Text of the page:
stories I only tell my friends
I am reading Rob Lowe’s recent book, Stories I Only Tell My Friends, and there are some interesting parts. Right now I am heavy into the taping of The Outsiders which is a movie I saw when I was young and still remember. What a star cast! Anyways, I like that Rob Lowe is very complimentary of his wife and talks about how important he feels it is to be involved in his two boys’ lives. He writes about the distance he felt between his father after his parent’s divorce and this part of the book I earmarked to read to my husband as I thought it was a great reminder how our kids learn from all the little things in our daily actions.
“There are many other lessons that teenage boys need to learn. And most of these can’t be taught over pizza at midnight or on the tennis court. I only know this now because I see it with my own teen sons. They don’t really listen to speeches or talks. They absorb incrementally, through hours and hours of observation. The sad truth about divorce is that it’s hard to teach your kids about life unless you are living life with them: eating together, doing homework, watching Little League, driving them around endlessly, being bored with nothing to do, letting them listen when you do business, while you negotiate love and the frustrations and complications and the rewards of living day in and out with your wife. Through this, they see how adults handle responsibility, honesty, commitment, jealousy, anger, professional pressures, and social interactions. Kids learn from whoever is around them the most.”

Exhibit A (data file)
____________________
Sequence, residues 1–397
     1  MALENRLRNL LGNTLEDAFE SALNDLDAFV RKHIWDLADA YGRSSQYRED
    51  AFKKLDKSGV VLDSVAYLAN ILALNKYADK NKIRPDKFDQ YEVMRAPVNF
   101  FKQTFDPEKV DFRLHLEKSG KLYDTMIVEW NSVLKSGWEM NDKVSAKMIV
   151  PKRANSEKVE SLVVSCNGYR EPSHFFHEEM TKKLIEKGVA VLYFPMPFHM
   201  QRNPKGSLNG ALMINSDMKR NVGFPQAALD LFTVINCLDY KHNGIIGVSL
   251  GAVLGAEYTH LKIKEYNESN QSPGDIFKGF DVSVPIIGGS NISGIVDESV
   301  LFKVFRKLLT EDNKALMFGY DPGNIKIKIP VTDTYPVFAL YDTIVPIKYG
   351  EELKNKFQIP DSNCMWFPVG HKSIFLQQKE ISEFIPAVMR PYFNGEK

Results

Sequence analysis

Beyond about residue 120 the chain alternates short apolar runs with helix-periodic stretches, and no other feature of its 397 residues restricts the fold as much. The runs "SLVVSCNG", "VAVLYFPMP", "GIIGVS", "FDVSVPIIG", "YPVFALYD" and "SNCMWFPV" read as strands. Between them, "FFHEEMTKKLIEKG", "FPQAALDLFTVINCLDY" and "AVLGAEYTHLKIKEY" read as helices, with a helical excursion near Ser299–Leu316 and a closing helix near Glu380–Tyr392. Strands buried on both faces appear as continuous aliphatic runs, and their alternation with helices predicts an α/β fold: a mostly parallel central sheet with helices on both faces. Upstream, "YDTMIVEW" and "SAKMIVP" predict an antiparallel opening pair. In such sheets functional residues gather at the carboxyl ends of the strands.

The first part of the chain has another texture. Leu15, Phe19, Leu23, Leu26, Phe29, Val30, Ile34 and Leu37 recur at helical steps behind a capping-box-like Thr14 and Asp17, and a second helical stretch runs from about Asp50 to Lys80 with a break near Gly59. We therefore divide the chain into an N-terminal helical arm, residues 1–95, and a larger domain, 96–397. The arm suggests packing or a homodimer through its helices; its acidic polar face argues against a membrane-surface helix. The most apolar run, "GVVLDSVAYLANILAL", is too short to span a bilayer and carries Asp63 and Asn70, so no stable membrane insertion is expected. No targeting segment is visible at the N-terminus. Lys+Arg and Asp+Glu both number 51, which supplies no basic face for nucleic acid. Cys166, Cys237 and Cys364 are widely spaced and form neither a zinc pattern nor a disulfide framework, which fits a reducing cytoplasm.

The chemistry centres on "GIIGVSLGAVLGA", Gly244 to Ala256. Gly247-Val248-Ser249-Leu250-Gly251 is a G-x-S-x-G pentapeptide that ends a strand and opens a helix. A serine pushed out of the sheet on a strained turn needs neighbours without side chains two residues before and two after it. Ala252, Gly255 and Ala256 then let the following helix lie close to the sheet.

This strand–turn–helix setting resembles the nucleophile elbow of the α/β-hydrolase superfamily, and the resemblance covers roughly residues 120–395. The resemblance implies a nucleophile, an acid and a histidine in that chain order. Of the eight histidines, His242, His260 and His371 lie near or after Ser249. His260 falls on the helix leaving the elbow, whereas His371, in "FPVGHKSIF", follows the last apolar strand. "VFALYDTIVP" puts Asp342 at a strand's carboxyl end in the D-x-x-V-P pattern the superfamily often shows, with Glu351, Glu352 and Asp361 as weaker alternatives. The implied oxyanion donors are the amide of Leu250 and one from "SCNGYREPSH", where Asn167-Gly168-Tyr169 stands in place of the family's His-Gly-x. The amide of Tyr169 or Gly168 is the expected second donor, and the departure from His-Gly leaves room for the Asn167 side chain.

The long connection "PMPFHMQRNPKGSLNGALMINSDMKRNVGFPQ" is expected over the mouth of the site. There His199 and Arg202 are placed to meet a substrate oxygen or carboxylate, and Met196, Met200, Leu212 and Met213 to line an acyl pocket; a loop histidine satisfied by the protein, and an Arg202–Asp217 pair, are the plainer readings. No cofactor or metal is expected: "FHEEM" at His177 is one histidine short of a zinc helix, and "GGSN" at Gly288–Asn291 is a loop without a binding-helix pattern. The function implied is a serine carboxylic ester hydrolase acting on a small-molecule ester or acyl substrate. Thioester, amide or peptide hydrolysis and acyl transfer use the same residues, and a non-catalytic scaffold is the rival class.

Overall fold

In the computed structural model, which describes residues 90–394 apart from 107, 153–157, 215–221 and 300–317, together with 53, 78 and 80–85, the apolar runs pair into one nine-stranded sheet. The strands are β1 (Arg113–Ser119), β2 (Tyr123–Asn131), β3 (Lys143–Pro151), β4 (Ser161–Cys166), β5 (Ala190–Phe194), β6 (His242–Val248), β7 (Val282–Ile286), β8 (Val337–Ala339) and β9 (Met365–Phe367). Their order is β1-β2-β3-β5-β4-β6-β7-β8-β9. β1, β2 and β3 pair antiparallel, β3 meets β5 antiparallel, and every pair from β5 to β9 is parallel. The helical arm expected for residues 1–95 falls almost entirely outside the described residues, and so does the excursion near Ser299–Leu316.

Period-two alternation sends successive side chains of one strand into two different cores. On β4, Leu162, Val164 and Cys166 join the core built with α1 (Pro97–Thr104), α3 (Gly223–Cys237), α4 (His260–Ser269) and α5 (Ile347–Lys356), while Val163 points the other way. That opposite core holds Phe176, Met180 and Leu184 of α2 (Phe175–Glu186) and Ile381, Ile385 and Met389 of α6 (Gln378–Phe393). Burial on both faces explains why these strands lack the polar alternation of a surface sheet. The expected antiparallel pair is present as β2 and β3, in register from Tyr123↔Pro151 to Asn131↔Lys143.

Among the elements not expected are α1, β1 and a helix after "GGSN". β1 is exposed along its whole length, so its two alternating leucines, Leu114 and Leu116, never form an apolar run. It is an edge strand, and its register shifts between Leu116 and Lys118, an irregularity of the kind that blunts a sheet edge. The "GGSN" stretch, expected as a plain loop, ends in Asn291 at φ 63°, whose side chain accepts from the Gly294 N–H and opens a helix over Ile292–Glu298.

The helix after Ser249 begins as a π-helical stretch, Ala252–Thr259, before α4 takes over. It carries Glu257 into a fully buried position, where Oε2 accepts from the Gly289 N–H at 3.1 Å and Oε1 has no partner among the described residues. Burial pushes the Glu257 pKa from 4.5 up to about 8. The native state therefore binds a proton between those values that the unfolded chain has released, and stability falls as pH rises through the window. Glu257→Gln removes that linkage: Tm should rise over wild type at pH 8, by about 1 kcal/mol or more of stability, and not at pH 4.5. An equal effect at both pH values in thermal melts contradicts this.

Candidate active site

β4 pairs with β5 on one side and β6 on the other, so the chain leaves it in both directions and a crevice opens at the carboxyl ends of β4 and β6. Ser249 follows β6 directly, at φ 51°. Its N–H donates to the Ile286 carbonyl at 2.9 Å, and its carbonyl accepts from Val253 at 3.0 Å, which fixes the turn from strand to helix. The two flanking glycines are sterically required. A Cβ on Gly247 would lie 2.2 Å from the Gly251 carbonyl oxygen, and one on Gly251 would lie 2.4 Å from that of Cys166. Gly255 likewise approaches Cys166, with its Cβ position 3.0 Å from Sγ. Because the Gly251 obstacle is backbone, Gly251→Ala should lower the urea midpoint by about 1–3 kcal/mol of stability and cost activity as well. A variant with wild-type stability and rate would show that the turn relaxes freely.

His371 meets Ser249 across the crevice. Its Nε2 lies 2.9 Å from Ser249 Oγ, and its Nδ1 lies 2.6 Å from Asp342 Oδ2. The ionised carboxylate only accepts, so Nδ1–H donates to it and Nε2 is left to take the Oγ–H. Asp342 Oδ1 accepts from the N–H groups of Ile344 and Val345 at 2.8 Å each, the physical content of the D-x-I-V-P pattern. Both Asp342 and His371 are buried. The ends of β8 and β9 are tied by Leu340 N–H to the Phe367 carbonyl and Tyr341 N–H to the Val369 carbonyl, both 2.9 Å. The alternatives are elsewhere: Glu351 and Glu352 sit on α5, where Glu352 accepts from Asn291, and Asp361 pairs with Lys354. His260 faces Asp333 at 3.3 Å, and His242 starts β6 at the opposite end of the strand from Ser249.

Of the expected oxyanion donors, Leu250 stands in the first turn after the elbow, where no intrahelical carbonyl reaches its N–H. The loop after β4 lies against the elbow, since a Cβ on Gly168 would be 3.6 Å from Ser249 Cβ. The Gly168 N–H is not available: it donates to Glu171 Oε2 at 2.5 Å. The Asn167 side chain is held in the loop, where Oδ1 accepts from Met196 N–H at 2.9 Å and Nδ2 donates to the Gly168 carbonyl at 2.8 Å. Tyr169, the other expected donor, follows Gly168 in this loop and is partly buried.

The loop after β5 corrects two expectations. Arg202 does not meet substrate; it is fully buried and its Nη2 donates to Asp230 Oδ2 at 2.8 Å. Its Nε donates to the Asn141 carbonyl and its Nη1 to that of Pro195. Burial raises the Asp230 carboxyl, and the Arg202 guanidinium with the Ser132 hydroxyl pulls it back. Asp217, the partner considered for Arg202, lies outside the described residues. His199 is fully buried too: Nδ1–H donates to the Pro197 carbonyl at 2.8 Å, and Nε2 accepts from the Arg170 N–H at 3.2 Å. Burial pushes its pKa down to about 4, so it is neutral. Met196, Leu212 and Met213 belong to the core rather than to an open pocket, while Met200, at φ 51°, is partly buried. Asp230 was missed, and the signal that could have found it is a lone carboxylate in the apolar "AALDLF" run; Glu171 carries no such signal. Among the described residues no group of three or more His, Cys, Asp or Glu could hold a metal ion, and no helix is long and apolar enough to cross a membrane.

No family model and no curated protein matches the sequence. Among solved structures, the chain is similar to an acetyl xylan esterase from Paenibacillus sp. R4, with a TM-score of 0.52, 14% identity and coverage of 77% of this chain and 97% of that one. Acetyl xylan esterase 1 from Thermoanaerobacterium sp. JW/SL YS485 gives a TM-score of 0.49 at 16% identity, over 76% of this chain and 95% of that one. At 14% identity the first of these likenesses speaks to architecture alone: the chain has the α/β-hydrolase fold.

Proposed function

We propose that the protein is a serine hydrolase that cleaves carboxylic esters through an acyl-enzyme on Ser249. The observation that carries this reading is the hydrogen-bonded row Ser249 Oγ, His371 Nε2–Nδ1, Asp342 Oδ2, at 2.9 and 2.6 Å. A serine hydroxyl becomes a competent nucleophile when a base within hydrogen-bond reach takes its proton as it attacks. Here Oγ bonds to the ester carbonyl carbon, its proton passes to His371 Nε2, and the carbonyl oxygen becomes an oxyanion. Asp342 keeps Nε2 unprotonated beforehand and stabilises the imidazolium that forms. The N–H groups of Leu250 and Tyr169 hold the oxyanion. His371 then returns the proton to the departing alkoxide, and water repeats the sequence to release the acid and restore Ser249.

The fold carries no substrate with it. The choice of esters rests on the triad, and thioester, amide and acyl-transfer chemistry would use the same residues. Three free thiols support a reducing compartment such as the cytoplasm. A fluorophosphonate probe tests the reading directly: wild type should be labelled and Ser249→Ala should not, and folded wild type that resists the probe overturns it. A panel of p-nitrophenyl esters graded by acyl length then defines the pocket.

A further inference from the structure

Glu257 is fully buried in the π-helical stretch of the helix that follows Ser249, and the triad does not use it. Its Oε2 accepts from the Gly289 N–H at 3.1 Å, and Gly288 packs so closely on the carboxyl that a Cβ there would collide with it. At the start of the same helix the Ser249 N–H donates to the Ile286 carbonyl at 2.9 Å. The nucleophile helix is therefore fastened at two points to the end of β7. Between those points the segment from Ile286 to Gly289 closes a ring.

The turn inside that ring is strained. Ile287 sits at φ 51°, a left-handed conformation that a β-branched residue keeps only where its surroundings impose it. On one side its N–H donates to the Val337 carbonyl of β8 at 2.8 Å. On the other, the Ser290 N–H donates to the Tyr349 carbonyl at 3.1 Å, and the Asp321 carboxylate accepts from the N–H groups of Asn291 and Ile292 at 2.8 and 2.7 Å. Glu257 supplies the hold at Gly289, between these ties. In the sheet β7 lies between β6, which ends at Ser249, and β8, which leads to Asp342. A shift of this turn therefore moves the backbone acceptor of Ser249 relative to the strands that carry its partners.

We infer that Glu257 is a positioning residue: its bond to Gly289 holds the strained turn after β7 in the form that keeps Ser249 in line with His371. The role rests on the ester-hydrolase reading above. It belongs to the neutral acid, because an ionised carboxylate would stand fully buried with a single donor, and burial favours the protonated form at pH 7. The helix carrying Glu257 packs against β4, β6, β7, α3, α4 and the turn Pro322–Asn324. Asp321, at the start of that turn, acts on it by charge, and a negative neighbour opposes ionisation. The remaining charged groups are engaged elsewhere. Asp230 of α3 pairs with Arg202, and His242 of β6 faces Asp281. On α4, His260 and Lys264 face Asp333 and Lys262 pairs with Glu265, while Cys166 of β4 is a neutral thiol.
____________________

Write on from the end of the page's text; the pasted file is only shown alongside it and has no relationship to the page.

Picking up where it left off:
The more I think about this, even if there is no divorce, you really have to choose what you are focused on in life. Because we all know people who are still married but that one or both of the parents chooses not to do these things with their kids, even though the opportunity is there. I think it’s true that we all find ourselves trying to teach a big lesson to our kids only to be met with a blank stare or a totally unrelated question after we finish speaking. It’s the smaller moments that our children observe us, learn from us, and all those small moments matter.